If it were really that easy, minor leaguers everywhere would be running to the nearest Lasik surgeon.

  13. Any word on the health of Nick Hernandez and Matt Way? If we could those guys healthy that can help the left handed pitching depth in the system.

    1. The system already has Jesse Biddle, Austin Wright, Adam Morgan, Mario Hollands, Lino Martinez and Ethan Stewart. How much more would two oft-injured, older, middling prospects add.

      1. It is always nice to have the depth even if they are only a LOOGY for a month because those arms can sometimes be hard to find in the middle of the season.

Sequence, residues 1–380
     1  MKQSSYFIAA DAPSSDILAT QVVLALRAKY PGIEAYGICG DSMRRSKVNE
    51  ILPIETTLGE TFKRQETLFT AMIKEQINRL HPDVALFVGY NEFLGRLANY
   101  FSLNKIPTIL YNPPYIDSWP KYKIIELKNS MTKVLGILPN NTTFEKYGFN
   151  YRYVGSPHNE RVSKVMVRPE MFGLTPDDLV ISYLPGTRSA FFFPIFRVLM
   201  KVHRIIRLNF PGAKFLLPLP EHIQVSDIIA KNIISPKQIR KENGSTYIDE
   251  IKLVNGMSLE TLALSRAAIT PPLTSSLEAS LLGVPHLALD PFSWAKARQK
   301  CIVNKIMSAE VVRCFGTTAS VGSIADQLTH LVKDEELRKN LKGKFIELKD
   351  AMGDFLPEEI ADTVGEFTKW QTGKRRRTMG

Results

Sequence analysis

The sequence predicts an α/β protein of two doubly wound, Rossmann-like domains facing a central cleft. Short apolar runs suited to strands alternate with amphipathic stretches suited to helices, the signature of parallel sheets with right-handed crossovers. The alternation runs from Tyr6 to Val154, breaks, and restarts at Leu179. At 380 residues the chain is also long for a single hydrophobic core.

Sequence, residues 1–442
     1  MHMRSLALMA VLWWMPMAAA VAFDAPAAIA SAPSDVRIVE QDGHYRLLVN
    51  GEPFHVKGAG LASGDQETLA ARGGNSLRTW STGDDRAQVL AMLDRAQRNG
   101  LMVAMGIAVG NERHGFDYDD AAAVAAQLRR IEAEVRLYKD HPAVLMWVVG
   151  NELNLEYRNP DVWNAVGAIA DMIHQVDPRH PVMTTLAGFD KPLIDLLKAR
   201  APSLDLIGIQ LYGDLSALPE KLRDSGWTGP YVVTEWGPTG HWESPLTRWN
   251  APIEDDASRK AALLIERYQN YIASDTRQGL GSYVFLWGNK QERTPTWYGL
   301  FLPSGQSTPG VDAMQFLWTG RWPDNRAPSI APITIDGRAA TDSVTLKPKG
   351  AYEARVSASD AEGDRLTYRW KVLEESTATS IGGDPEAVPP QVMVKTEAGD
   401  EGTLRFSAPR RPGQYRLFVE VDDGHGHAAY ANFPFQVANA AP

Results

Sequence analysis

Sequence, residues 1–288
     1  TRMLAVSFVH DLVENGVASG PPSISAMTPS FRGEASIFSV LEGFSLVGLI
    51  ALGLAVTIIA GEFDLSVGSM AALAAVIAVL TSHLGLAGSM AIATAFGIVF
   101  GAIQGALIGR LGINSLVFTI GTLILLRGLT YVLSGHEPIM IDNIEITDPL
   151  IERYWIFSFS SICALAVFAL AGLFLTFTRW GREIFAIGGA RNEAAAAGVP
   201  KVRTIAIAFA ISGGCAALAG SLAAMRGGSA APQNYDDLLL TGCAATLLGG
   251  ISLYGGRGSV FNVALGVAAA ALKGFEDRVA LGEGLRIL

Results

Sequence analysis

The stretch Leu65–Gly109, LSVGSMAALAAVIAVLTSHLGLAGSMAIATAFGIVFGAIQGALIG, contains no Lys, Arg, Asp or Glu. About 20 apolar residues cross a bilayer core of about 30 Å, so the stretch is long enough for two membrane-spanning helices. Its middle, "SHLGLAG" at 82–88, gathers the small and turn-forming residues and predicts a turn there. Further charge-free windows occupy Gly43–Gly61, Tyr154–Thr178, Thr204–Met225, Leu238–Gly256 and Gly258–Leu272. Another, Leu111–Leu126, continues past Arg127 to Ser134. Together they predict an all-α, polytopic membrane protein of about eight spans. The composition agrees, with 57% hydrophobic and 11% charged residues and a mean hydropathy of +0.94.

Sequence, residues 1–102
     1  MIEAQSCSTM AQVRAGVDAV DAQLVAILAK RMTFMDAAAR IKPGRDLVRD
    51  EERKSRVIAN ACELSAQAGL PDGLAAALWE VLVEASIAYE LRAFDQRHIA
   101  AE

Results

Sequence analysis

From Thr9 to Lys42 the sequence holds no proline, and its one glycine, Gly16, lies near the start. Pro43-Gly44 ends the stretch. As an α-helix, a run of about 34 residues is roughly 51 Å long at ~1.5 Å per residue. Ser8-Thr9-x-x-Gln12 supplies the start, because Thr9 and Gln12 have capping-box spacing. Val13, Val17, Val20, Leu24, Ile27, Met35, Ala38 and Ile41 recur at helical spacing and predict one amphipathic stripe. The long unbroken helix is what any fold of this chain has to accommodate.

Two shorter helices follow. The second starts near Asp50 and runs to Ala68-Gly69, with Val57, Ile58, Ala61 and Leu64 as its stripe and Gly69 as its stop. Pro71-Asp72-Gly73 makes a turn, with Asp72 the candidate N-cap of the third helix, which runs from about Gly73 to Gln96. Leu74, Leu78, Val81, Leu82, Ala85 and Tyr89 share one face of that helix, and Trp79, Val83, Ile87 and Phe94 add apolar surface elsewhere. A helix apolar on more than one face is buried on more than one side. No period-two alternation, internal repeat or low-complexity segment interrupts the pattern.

14. Random thought…would love to go to Spring Training this year at a time where I could invest the greatest amount of my time in watching our prospects. I know from last year many commenters on this site attended minor league spring training and probably have lots of insight and tips as to the best time to go, what times of day to go watch certain aspects, etc. Would be really cool to have a posy dedicated to this topic for those wanting to attend spring training, if there are others…also a good opportunity for us to submit writeups and video clips of what we are watching while down there.